Townsville Bulletin

Fears at borders opening


QUEENSLAND Aboriginal and Islander Health Council chairman Matthew Cooke has expressed disappoint­ment and concern with the government’s lack of consultati­on with Aboriginal and Torres Strait Islander people before announcing the staged reopening of Queensland’s borders

“There is currently a 30 per cent gap in vaccinatio­n rates between Indigenous and non-indigenous Queensland­ers”, Mr Cooke said.

“While the government is aiming for 70 per cent vaccinatio­n rates overall before border restrictio­ns begin to be lifted on

November 19, the fact that Queensland’s Aboriginal and Torres Strait Islander population continues to have very low rates of vaccinatio­n seems to have been forgotten.

“The government hasn’t talked to Aboriginal and Torres Strait Islander people about the implicatio­ns for our communitie­s of borders reopening.”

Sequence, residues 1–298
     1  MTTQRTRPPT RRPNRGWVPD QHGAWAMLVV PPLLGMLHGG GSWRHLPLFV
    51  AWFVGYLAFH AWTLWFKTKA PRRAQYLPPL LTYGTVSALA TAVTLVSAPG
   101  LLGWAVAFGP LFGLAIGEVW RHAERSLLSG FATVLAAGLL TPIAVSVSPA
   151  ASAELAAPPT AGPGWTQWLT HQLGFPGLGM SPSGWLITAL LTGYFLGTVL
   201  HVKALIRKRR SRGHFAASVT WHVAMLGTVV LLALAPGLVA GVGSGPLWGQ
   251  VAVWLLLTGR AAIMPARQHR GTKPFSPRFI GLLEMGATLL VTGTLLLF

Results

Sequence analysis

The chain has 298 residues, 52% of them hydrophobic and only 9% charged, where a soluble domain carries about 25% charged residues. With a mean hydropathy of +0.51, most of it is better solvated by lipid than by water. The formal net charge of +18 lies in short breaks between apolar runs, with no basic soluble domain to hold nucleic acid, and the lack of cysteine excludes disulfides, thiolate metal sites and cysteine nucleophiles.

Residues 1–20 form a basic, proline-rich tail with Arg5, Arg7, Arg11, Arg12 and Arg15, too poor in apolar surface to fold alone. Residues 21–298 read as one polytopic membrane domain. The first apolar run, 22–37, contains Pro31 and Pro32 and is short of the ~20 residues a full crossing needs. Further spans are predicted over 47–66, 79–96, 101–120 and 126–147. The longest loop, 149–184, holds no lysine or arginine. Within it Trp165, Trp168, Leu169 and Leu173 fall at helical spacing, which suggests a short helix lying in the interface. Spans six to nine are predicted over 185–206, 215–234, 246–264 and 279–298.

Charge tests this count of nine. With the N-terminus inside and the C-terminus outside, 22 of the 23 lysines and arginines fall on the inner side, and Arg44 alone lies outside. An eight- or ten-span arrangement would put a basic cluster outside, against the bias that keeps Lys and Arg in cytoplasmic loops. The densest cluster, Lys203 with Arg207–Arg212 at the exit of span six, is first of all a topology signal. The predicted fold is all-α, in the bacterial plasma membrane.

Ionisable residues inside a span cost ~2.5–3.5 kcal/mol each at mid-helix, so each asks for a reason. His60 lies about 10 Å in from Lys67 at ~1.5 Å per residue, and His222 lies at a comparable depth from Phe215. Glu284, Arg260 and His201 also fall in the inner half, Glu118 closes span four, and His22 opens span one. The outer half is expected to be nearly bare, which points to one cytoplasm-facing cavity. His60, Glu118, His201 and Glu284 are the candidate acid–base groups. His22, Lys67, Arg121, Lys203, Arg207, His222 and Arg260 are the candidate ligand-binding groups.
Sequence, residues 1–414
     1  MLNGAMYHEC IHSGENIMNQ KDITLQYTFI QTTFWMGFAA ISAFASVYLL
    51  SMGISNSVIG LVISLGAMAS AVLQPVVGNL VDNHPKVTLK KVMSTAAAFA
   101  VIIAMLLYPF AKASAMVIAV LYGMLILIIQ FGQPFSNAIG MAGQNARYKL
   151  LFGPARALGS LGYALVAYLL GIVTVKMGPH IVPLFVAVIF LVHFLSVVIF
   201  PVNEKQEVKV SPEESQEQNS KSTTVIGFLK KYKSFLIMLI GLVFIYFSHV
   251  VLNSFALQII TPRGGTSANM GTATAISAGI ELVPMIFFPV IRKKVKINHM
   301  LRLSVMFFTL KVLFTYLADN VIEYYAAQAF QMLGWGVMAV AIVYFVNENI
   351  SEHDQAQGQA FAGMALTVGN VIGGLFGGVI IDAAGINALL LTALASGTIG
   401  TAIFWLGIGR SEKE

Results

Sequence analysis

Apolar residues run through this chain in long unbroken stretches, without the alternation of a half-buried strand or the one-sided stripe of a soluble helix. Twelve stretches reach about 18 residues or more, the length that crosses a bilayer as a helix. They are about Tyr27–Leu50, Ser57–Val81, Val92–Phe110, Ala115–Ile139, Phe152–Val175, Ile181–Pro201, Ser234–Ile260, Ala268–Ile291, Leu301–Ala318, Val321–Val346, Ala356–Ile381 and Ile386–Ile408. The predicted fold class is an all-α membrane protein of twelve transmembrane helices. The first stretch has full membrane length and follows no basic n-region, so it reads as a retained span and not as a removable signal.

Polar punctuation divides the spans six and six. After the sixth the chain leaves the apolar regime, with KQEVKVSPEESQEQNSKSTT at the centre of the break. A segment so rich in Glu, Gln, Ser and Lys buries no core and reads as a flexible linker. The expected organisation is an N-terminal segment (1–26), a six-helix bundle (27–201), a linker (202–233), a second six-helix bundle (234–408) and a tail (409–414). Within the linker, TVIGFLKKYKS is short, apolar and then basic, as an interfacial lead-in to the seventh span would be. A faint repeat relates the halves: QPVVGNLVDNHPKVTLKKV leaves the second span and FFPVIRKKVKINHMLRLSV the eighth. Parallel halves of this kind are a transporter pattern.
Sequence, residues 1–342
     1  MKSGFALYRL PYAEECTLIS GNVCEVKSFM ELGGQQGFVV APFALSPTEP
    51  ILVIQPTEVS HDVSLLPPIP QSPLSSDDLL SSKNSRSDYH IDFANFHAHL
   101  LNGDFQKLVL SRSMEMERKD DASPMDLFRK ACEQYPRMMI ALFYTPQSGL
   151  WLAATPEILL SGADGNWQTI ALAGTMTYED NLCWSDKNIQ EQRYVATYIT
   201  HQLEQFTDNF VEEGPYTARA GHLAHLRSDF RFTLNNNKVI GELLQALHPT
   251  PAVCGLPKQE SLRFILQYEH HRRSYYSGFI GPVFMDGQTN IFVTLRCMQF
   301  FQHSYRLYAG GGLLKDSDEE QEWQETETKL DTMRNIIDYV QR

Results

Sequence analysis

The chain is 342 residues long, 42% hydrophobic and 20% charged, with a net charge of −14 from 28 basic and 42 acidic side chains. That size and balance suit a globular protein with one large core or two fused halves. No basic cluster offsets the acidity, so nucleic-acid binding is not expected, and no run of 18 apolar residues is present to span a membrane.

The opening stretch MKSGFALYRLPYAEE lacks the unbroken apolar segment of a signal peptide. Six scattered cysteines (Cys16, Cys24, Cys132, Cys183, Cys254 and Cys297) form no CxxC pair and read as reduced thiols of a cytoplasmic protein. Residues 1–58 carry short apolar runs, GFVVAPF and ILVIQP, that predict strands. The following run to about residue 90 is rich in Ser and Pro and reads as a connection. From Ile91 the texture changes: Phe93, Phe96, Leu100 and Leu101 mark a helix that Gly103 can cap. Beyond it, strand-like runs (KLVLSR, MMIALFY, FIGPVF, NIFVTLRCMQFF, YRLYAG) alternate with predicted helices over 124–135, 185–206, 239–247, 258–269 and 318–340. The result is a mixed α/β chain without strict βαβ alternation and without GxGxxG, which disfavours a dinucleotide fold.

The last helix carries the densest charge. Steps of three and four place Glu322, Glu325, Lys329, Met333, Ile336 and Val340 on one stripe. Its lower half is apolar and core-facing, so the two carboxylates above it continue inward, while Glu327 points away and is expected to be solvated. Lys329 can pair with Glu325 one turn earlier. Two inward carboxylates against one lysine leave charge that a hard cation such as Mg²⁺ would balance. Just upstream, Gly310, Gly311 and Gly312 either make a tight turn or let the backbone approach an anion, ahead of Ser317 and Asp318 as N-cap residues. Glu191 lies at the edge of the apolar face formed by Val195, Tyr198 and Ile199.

Mr Cooke said while he welcomed the certainty of a firm time frame for the easing of cross-border movement, there was now a major imperative to address the potential impacts on Aboriginal and Torres Strait Islander peoples, who were significan­tly at risk of Covid-19 due to chronic health conditions and overcrowde­d housing.

“Having a firm time frame makes the fact that we face a significan­t Covid wave in Queensland very real,” he said.

Mr Cooke said that the state government’s success in keeping

Covid transmissi­on low had also been a barrier for Indigenous people getting vaccinated.

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